The Greek neo-bank “Viva Wallet” raises a capital of 80 million dollars
Greek financial start-up “Viva Wallet”, one of the so-called “neo-banks” making inroads into small businesses, has raised a total of $ 80 million in funding to expand its footprint as well as services that she proposes.
These small financial institutions continue to make waves in financial markets around the world, with their agility in enabling their customers to bank online and use a range of new technologies.
These small businesses also allow for greater personalization of the relationship between the bank and the customers it serves.
Viva Wallet, aimed at small and medium-sized traders, will now be able to expand its Merchant Advance loan portfolio.
Viva Wallet soon to be present in 26 European countries
It already operates in 23 European countries and has expansion plans for Croatia, Hungary and Sweden.
According to experts, the decision to fund the startup is gaining attention because of who is investing in it. Tencent, the Chinese tech giant that is part of WeChat, contributed, along with the European Bank for Reconstruction and Development (EBRD).
Danying Ma, Managing Director of Tencent Investment, said, “Tencent shares Viva Wallet’s aspirations to create value for users and partners through innovation. We look forward to supporting Viva Wallet in its expansion across Europe. “
Additionally, Hedosophia, the little-known fund that has buffered into PSPCs in the United States, is also in the mix, according to a report from Techcrunch.com.
Breyer Capital is also a contributor of funds to the startup. Jim Breyer said in a statement after the announcement: “We are very happy to help Viva Wallet unify the fragmented European payments ecosystem in 23 countries. Viva Wallet is at the forefront of a paradigm shift for fintech and together we plan to transform the payments industry in Europe. “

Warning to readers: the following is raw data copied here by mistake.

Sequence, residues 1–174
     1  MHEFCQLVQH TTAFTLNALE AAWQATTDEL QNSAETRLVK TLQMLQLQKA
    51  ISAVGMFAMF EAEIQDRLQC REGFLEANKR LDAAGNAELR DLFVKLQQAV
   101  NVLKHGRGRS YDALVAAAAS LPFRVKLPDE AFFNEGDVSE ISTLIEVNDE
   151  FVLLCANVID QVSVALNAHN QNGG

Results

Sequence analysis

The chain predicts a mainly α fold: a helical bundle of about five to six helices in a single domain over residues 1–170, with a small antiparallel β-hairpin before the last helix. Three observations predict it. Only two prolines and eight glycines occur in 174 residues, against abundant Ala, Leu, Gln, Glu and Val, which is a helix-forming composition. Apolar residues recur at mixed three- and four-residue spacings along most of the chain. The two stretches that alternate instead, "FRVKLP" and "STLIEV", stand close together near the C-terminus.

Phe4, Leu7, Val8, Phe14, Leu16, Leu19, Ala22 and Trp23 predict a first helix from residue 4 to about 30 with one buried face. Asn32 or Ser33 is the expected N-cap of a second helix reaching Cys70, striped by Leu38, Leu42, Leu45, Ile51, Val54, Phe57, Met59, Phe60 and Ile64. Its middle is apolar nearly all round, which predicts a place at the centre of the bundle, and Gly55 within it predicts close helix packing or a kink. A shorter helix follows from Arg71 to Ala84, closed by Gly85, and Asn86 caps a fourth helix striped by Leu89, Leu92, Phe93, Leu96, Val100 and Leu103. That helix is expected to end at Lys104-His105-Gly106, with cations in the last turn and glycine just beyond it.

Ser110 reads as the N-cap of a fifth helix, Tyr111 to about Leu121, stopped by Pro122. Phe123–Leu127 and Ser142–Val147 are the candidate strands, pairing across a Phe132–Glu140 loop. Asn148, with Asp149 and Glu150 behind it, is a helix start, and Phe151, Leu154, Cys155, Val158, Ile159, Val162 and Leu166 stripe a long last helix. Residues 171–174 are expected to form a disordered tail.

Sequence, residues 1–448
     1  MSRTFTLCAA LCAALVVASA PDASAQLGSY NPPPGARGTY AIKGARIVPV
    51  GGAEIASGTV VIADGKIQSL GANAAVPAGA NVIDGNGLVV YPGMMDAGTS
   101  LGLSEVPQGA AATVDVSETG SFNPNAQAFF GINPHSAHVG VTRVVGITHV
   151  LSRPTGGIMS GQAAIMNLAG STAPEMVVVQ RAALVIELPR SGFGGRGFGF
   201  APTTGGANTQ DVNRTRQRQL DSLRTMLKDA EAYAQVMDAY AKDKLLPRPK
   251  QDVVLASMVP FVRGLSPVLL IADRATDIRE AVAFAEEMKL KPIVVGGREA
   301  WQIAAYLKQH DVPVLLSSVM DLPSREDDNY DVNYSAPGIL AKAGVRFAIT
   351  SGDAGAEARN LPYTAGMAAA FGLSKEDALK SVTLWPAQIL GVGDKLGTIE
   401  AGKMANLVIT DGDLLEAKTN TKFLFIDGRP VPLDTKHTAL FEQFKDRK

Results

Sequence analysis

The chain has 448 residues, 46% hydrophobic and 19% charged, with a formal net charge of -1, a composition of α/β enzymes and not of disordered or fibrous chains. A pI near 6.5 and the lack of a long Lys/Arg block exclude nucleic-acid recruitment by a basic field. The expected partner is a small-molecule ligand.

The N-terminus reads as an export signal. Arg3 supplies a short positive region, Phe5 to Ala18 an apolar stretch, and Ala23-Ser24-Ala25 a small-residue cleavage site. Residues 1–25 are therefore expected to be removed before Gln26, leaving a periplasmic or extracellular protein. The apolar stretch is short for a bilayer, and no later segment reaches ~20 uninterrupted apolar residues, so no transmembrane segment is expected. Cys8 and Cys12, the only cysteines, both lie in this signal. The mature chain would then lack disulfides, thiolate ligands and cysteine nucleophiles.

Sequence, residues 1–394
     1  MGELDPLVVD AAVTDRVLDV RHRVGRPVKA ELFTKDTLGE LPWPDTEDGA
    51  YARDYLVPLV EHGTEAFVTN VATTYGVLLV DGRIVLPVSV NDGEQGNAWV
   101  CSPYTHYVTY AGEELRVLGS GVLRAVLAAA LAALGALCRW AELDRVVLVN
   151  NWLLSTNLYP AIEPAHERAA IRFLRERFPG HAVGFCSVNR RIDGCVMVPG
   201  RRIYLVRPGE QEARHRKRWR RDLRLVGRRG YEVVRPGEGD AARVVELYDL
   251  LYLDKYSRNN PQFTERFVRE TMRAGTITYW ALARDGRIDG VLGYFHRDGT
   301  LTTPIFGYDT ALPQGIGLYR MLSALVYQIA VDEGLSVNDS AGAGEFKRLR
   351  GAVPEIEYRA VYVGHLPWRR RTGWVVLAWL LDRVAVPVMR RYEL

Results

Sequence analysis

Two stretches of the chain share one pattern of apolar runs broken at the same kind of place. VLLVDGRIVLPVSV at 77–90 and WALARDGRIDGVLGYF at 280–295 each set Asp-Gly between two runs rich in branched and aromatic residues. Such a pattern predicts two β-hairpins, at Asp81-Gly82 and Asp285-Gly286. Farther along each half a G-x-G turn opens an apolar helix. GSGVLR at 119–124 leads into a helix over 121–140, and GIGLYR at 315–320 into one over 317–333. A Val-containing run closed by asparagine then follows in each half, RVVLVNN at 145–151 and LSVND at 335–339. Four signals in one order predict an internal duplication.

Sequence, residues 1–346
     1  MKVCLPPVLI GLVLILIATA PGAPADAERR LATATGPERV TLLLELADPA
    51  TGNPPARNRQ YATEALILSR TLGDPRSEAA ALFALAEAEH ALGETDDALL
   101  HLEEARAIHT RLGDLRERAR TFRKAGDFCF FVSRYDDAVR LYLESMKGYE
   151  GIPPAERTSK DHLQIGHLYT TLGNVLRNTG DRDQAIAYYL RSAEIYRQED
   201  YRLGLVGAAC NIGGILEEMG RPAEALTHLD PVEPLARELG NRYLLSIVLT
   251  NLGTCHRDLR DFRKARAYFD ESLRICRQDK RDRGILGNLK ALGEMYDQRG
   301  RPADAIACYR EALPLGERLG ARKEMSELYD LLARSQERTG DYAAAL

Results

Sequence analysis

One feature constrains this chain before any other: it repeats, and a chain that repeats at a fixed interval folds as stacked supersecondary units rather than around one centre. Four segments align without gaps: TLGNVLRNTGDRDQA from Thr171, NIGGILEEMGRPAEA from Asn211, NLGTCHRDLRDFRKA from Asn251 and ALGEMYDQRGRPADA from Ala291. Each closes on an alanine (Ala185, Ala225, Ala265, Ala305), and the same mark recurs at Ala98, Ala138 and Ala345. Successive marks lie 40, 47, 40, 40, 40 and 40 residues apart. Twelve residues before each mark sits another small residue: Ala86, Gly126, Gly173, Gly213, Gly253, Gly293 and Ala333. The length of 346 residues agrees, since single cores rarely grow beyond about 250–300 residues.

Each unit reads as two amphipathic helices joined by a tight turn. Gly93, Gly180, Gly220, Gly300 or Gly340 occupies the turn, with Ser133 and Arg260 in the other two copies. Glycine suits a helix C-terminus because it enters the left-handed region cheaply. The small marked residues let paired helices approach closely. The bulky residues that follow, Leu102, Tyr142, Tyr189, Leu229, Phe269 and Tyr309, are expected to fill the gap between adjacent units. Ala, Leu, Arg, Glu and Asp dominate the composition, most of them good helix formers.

New legal entity reportedly holds loans for Viva Wallet
Yannis Larios, vice president of strategy and business development at Viva Wallet, confirmed to Techcrunch that the company is in the process of closing a large Series D that will value the company at 1.5 billion euros (1.8 billion euros). billion dollars).
While he does not disclose the real value of the company at this time, it is now seen as a formidable presence in its field.
The vice president said in the report that when his company closed its Series C in the second half of 2019, it was worth 305 million euros ($ 368,985,950).
At this point, it’s unclear whether this Series D amounts to a € 500million ($ 603million) investment round that Viva Wallet raised, according to a Reuters report in August 2020, which was supposed to her. make it possible to create a type of loan book that focuses on its cash advances and other similar loans.
If the deal is approved by regulators, investors will receive stakes in a new legal entity, which will hold the loans.
Although this is not the usual way of handling loan debt by neo-banks, experts believe that the point of going through this process is to allow startups to have more agility by removing part of the risk that it bears on its balance sheet.
It is not known at this time whether there will potentially be less liability regarding these loans.
The 2021 gains come after the excellent results of 2020
The funding comes as Europe begins to ease its transition out of the locks of the pandemic, which has ravaged the continent over the past year, particularly, of course, the tourism sector, including countries south of Europe are particularly dependent.